Chapter 13 Bankruptcy
Are you having issues with repayment of your debts, including tax debt or past-due child support? Are you being threatened with wage garnishment, foreclosure on your home or repossession of your vehicle?
If you have fallen behind on a mortgage or car loan and are struggling to stay current on your bills, filing for Chapter 13 bankruptcy will allow you to restructure your debt and repay some or all of the debt over a 3-5 year period. During those 3-5 years, you will make a monthly payment to the Bankruptcy Court that encompasses payments on ALL of your debt, with the exception of your regular monthly mortgage payments, which you pay directly to your lender.
If you need legal advice to determine if you qualify for Chapter 13 or you want to learn more about what to expect during the bankruptcy process, give us a call or send us an email to speak with an experienced bankruptcy attorney, and we'll be happy to answer your questions.
What is Chapter 13 Bankruptcy and how does it work?
Unlike a Chapter 7 bankruptcy, which requires a bankruptcy trustee to liquidate your assets, if any, to repay your creditors, Chapter 13 bankruptcy involves a debt reorganization plan. Looking at the big picture, some things have to be paid - these include car loans, mortgage arrears, and certain priority debts such as tax debt and past-due child support or alimony. In a Chapter 13 bankruptcy, your debts are consolidated and you make monthly payments to the bankruptcy trustee under a Chapter 13 Plan for a period of up to three to five years, and you can keep your property and possessions. The payment amount in the Chapter 13 Plan, which should equal your disposable monthly income, is calculated by subtracting your monthly expenses from your income.
Advantages of Chapter 13:
Retain your assets – you can typically keep your property and possessions, including your primary vehicle and home. Under Chapter 13, you can stop foreclosure proceedings and cure your mortgage arrears over time.
Repay secured debts over time – allows you to reschedule secured debts (other than a mortgage for their primary residence) and extend them over the life of the Chapter 13 plan. Doing this may potentially allow you to lower the interest and payments.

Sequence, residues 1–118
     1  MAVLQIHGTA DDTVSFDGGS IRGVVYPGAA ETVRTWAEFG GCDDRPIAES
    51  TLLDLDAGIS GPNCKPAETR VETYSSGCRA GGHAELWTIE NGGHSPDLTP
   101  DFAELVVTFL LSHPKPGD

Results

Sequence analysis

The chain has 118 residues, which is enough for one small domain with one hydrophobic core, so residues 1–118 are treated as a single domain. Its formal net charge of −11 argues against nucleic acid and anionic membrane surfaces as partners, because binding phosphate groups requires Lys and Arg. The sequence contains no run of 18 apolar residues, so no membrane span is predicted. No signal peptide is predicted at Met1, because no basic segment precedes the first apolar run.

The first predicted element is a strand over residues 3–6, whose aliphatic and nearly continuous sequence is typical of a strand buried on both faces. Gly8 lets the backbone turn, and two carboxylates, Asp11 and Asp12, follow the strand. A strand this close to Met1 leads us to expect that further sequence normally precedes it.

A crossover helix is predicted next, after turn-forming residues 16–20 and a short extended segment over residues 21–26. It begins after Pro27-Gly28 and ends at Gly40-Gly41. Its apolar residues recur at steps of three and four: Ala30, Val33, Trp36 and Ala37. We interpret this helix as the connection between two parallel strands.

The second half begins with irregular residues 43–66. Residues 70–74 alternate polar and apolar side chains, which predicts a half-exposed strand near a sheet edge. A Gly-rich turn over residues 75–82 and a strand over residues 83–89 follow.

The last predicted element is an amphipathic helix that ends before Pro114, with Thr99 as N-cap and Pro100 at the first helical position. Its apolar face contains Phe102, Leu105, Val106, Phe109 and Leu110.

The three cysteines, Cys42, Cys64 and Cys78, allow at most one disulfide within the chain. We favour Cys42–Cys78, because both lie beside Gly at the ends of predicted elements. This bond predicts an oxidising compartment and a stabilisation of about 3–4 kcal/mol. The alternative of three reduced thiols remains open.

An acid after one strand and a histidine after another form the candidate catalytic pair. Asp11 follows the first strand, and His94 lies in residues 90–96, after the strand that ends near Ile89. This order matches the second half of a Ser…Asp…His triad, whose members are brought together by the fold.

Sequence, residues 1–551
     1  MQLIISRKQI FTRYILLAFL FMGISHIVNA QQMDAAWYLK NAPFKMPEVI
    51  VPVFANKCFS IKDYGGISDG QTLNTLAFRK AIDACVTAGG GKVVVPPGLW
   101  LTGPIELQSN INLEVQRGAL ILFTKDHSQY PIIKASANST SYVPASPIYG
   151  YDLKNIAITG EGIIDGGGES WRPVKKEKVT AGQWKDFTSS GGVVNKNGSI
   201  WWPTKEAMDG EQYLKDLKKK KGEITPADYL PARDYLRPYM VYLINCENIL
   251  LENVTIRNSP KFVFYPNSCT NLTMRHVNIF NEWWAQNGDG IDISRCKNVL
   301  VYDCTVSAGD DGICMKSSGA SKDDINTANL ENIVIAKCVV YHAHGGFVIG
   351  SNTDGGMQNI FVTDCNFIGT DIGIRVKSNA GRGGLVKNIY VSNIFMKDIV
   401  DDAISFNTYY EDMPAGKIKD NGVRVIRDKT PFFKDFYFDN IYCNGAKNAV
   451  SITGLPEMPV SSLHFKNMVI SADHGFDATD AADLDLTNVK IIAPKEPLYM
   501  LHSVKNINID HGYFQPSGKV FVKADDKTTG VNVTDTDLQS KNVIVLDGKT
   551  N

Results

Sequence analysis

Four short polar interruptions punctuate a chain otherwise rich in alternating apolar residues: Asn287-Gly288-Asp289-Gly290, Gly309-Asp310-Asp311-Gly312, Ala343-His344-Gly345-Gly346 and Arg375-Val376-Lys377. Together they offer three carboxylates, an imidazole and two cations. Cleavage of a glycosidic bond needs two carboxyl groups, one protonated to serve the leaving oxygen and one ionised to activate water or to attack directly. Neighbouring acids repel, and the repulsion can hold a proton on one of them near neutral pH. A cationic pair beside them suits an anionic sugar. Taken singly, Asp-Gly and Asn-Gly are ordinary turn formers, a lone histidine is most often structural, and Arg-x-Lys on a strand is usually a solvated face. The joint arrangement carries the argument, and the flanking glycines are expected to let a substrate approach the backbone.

Discharge of certain debts – Some types of debt are discharged under Chapter 13 that aren’t discharged under Chapter 7, including certain taxes, property settlements, retirement loans (401k loans), and more.
Safety from creditor harassment – Chapter 13 protects you from the collection efforts of creditors including the garnishment of wages.
As soon as you file a Chapter 13 bankruptcy petition, it is not legal for creditors or debt collection agencies to contact you. This is known as the Automatic Stay. This protection will start from the moment you file a petition in the court.
Is Chapter 13 Right for Me?
Chapter 13 can provide powerful debt relief, helping you save your home and other possessions, but it’s not the right option for all individuals. If you do decide to file for bankruptcy, knowing what types of debts can be eliminated, and what to expect during and after the legal process, can help you decide if Chapter 13 is the best choice for you.
Filing a Chapter 13 allows you to repay all or a portion of your debts under the supervision and protection of the bankruptcy court. Chapter 13 bankruptcy may be the best option if you:
Have a steady source of income
Because Chapter 13 bankruptcy requires you to repay your debts each month, you’ll need a steady job and income to make these payments.
Want to keep your property and possessions
Unlike Chapter 7 bankruptcy, Chapter 13 allows you to keep your property and possessions as long as you continue making monthly payments on items you don’t own outright.
Want to discharge certain debts
More debts can be discharged under Chapter 13 bankruptcy than under Chapter 7 bankruptcy. These include unsecured debts such as credit card bills, medical bills, and some personal loans.